# What exactly is the "real interpolation space" $(L^q, W^{2,q})_{1-p^{-1},p}$ for $1<p,q<\infty$?

I came across the notation https://en.wikipedia.org/wiki/Interpolation_space#Real_interpolation the real interpolation space is discussed for Bessel potential spaces.

However, I do not see exactly how to apply this general theory to the specific case $$$$(L^q(\Omega), W^{2,q}(\Omega))_{1-\frac{1}{p},p}$$$$ for $$1 and a bounded region $$\Omega$$ in $$\mathbb{R}^n$$ with smooth boundaries.

Could anyone pleaes clarify for this case? In particular, do I have to use Bessel potential spaces or Sobolev–Slobodeckij spaces?

Identifying interpolation spaces is in general a non-trivial task. In your case you get certain Besov spaces; it is shown in Theorem 17.24 of

Leoni, Giovanni, A first course in Sobolev spaces, Graduate Studies in Mathematics 181. Providence, RI: American Mathematical Society (AMS) (ISBN 978-1-4704-2921-8/hbk; 978-1-4704-4226-2/ebook). xxii, 734 p. (2017). ZBL1382.46001.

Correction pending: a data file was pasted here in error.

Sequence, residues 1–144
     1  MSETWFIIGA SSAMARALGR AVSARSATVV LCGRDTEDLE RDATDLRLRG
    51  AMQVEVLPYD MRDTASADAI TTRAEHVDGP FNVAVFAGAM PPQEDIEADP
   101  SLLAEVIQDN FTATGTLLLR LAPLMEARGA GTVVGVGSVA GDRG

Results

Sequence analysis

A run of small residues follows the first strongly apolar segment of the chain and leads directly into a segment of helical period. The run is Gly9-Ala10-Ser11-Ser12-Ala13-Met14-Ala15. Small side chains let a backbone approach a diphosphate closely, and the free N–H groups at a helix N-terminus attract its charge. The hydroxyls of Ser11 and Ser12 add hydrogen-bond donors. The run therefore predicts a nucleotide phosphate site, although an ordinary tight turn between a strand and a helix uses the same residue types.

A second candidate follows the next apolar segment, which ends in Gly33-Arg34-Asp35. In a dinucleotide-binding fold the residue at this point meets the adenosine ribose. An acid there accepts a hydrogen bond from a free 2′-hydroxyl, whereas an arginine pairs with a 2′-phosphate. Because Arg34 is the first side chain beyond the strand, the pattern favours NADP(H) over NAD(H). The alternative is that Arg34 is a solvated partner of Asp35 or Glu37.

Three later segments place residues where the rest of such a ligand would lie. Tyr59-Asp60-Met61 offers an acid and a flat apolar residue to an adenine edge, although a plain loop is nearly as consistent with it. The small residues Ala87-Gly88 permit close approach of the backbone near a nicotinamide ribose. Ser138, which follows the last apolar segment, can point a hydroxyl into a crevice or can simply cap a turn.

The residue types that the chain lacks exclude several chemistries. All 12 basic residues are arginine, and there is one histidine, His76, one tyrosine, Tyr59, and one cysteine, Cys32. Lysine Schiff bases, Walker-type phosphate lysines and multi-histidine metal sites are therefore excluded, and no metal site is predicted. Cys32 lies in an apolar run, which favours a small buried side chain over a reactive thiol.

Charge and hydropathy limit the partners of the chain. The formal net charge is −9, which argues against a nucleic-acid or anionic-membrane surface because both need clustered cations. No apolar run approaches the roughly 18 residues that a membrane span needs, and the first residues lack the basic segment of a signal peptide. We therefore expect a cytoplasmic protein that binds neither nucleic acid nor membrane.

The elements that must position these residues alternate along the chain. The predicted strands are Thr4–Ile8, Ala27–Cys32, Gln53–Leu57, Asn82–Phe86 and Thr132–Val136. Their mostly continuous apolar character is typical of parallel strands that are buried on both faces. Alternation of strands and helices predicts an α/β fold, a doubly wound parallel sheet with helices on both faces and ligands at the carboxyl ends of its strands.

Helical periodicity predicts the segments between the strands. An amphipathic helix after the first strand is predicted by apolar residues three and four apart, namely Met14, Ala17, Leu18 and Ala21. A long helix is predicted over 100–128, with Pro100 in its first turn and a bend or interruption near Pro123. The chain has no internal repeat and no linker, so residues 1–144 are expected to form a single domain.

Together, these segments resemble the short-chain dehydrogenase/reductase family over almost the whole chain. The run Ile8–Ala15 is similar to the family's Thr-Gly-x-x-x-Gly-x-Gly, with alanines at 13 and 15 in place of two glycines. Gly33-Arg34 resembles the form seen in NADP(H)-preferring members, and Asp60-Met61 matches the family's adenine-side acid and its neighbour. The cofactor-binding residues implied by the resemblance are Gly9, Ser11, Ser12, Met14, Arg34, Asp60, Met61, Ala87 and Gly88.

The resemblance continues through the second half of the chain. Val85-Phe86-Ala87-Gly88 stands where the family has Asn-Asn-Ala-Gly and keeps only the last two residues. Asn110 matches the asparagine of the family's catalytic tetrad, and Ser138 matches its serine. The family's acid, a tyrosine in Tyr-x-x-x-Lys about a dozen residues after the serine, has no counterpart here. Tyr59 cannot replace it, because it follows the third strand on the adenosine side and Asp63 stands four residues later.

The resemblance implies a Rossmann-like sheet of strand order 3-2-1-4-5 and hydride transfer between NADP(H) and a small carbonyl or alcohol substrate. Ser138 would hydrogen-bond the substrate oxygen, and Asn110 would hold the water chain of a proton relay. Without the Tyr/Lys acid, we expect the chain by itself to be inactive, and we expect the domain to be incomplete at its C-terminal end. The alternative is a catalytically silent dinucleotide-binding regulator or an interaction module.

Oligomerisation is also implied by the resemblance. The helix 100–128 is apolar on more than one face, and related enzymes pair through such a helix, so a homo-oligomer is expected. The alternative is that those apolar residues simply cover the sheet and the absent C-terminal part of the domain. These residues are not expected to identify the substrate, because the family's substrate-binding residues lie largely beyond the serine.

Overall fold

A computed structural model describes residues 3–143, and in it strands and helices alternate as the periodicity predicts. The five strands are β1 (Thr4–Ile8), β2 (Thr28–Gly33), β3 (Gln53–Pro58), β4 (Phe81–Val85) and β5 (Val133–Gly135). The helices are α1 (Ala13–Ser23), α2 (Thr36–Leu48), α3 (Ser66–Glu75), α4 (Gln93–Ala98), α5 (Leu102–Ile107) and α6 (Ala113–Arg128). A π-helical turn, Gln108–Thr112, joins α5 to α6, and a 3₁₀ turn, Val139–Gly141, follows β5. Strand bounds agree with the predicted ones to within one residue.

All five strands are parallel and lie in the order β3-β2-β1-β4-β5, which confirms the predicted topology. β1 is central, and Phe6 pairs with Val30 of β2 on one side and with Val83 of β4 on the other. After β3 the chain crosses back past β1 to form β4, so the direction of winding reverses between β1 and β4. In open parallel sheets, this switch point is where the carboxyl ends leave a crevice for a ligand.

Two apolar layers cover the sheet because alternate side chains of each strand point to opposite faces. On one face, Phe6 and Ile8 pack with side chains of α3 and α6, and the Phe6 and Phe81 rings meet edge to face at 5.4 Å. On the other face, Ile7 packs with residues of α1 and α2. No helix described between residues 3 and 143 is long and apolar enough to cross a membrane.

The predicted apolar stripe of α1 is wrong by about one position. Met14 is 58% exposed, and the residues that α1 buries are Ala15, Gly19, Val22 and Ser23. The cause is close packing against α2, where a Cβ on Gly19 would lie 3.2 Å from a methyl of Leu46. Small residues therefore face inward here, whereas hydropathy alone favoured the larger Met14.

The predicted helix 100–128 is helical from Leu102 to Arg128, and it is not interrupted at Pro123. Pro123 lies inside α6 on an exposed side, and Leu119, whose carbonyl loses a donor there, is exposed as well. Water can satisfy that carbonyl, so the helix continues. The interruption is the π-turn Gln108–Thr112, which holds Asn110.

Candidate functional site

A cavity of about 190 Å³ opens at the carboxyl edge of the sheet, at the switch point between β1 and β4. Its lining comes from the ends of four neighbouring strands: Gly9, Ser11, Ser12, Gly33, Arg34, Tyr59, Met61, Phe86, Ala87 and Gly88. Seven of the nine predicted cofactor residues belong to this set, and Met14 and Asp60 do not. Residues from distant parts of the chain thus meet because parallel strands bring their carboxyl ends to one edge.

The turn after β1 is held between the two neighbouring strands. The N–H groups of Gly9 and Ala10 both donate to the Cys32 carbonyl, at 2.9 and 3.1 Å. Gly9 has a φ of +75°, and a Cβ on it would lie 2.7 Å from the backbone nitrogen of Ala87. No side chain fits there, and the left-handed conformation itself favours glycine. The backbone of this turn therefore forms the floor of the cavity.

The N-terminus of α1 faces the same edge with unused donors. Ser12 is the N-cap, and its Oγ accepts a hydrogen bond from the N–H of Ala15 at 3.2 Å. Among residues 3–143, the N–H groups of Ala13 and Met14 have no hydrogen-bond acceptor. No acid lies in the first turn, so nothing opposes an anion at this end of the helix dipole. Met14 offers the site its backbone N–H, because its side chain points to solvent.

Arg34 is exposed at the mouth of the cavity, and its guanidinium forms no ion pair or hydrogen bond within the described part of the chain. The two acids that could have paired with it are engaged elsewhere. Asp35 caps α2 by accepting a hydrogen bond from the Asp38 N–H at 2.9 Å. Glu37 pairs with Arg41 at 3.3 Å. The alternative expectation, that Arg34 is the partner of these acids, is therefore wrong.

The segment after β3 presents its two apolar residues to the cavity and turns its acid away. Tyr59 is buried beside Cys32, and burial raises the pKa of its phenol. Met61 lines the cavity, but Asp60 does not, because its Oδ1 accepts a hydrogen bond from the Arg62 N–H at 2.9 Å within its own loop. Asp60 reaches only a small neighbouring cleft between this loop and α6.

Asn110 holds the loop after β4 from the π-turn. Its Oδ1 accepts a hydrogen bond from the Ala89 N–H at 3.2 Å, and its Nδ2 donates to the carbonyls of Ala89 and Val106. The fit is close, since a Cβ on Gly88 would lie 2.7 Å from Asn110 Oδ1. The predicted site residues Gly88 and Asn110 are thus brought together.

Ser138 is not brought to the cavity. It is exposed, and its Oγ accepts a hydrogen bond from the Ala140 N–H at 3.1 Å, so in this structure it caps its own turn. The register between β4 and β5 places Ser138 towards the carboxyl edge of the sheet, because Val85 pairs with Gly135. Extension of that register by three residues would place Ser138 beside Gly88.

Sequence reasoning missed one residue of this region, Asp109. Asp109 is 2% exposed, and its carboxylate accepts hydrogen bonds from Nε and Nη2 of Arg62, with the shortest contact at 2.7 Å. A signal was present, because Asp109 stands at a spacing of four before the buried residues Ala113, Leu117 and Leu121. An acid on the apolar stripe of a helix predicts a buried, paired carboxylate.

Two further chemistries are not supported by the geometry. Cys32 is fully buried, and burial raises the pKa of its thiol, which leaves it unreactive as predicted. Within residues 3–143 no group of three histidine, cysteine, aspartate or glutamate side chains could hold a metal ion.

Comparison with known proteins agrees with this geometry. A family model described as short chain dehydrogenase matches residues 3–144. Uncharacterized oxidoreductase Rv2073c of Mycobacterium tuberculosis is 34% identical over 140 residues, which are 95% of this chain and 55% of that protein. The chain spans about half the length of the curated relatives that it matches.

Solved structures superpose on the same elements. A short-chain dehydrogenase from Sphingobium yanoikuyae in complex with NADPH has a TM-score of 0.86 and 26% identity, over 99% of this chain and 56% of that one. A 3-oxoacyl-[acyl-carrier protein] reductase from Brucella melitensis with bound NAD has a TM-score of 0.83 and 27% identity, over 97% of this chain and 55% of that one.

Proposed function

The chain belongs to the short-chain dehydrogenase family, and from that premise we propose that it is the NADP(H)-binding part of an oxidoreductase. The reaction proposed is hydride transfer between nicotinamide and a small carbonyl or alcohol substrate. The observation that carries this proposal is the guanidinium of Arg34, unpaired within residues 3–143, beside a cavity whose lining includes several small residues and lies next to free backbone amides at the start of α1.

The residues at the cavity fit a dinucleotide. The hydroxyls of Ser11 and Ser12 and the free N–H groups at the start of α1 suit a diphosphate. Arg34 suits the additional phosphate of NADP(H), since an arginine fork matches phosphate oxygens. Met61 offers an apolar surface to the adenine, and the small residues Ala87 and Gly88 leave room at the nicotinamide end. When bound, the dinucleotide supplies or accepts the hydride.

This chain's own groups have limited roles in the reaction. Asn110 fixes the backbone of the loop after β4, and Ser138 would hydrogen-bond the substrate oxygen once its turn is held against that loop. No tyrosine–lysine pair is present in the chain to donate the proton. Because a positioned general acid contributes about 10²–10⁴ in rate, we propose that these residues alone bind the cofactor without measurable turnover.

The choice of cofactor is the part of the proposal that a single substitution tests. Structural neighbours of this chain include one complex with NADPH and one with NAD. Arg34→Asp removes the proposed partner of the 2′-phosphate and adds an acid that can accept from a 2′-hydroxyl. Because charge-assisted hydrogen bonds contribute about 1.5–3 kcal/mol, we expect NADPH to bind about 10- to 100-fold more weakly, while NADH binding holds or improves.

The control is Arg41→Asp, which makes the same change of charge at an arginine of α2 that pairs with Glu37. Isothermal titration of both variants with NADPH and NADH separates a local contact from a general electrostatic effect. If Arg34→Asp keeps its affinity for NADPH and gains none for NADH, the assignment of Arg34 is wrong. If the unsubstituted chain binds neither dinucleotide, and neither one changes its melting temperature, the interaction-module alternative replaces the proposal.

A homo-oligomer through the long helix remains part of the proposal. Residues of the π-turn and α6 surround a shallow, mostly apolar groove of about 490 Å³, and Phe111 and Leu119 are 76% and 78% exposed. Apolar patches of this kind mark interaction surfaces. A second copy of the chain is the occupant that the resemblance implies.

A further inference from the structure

that we have the identification $$(L^q(\mathbb R^n), W^{k,q}(\mathbb R^n))_{\sigma,p} = B^{\sigma k,q}_p(\mathbb R^n).$$ So in your case, we would expect $$B^{2(1-\frac1p),q}_p(\Omega)$$, which is indeed what you get. Besov spaces on bounded (and regular) domains can be defined in several equivalent ways, such as the restriction of functions on $$B^{s,p}_q(\mathbb R^n)$$ to $$\Omega$$. See for instance the discussion at the end of Section 17.3 of the aformentioned text.

Other characterisations, and a more comprehensive treatment of these spaces can be found in Chapter I.3 of

Triebel, Hans, Theory of function spaces, Monographs in Mathematics, Vol. 78. Basel-Boston-Stuttgart: Birkhäuser Verlag, DM 90.00 (1983). ZBL0546.46027.

• Thank you for your answer. I have been looking into Besov spaces as well. Is it true in general that $W^{k,q}$ is continuously embedded in the Besov space you wrote above? Commented Aug 27, 2023 at 15:09
• @Keith Yes, this is a general property of interpolation spaces $X_{\theta} = [X_0,X_1]_{\sigma,q}$ whenever $X_0 \hookrightarrow X_1$.
– ktoi
Commented Aug 27, 2023 at 16:55